Friday, May 16th, 2014: 9:00am-3:00pm
Location: Stanford Archaeology Center, Bldg. 500, 488 Escondido Mall
The Thinking Archaeological Science symposium brings together scholars from a wide variety of research foci and material cultural specialties to deconstruct current archaeological scientific concepts, examine the socio-technical histories of popular instrumentations, and (re)theorize instrumental materials analysis more generally. Anglo-American archaeology has recently witnessed tremendous growth in the application of geochemical, isotopic, and micro-structural techniques that help document the material parameters and social histories of the people, animals, artifacts, and ecofacts of the past.
But while materials analysis, technique development, and data management activities forge ahead, surprisingly little attention has been paid to a thorough consideration of archaeological scientific theory--the concepts, frameworks, and technical histories that connect instrumentation, methods, analysis, and data management with the interpretation of past human social life. Participants will present accounts of their materials analysis, data management, and technique development efforts that make explicit many of the theoretical issues in archaeological science that are often taken for granted or unaddressed: initial forays into the territory of a formal body of archaeological scientific theory. Themes touched on during the symposium will include the position of chemical, physical, and computational technique development within the broader historical trajectory of anthropological archaeology; issues of identity and discipline between the titles of "archaeologist" and "archaeological scientist;" current disciplinary problems in the instrumental analysis of different material classes; and technological strategies and barriers to the management of increasingly large digital datasets in archaeology.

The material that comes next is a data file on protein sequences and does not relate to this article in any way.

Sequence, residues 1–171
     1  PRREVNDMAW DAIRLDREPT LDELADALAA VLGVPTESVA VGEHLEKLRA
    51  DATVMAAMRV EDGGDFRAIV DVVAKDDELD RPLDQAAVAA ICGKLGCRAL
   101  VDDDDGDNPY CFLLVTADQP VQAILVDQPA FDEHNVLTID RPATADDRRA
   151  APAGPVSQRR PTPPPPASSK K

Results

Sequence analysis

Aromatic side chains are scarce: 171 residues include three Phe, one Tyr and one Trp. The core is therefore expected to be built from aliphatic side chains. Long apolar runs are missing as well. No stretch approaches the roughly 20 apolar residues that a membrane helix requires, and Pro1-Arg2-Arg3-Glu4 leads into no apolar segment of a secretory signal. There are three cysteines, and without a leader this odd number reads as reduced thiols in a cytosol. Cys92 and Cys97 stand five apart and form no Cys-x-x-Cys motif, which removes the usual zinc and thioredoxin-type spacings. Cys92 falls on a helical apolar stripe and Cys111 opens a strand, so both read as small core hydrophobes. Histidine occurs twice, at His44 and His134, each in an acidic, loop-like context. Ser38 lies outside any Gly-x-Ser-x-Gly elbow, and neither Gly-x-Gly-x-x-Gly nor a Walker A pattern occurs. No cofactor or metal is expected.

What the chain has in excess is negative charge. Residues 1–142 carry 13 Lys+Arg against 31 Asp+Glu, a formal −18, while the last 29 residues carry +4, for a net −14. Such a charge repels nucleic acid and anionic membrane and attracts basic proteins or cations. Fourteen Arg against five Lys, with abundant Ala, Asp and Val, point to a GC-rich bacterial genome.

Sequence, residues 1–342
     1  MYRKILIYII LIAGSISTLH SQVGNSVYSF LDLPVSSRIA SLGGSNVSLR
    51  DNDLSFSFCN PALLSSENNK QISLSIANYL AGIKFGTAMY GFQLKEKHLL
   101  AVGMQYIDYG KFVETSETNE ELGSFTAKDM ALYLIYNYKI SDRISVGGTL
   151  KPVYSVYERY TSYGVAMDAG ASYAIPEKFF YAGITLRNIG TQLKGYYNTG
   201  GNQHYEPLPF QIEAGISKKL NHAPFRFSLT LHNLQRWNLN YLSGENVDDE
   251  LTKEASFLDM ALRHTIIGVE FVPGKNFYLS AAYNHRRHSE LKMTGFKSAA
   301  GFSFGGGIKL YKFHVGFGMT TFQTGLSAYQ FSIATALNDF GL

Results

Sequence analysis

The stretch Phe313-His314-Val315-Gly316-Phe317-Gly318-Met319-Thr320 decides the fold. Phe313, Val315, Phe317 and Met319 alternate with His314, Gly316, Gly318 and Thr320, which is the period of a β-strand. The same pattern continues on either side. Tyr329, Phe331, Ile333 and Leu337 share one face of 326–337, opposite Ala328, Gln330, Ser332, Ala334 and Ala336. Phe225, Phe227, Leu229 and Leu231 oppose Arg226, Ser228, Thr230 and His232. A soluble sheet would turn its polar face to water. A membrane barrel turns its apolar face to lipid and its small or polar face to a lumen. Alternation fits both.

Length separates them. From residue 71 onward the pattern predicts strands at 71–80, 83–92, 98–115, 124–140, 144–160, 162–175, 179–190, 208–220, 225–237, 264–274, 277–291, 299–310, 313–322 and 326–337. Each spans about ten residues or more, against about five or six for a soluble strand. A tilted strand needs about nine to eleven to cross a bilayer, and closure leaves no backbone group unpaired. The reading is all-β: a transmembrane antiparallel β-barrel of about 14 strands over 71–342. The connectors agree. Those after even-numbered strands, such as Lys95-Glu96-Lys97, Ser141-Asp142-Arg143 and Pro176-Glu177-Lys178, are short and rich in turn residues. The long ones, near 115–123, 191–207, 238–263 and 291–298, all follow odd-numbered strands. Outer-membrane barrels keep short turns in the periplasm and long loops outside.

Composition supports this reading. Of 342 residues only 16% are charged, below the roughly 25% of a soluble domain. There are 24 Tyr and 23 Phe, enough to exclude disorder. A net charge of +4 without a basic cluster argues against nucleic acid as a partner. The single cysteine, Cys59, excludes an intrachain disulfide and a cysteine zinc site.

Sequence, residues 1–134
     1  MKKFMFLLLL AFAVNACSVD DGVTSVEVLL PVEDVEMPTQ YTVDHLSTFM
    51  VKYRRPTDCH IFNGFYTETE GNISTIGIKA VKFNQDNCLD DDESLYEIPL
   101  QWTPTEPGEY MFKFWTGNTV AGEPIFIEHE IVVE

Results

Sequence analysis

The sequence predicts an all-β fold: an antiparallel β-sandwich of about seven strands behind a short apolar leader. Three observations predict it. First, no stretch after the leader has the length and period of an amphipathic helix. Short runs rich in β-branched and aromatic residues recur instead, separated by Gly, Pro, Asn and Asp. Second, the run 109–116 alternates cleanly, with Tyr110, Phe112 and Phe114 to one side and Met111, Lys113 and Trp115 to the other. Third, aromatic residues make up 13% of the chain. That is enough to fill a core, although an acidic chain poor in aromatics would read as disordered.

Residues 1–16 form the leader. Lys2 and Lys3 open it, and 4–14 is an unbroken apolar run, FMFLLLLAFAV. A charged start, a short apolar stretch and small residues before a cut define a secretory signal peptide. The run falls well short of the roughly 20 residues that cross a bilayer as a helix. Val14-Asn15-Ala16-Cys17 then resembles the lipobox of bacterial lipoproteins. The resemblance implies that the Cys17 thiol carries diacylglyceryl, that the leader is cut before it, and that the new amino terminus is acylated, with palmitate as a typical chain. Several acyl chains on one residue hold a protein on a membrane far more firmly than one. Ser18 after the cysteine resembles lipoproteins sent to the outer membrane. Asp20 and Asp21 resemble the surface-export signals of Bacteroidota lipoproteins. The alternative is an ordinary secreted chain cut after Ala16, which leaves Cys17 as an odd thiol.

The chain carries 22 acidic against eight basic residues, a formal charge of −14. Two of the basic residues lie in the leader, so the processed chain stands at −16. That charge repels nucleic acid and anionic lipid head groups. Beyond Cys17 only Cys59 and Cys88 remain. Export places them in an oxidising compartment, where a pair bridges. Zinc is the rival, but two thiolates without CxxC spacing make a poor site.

Conference participant info here
Conference program here
This conference is sponsored by the following Stanford departments: Stanford Archaeology Center, Department of Anthropology, and the Cantor Arts Center and Science Laboratory.
Click on flyer (left) to download a PDF version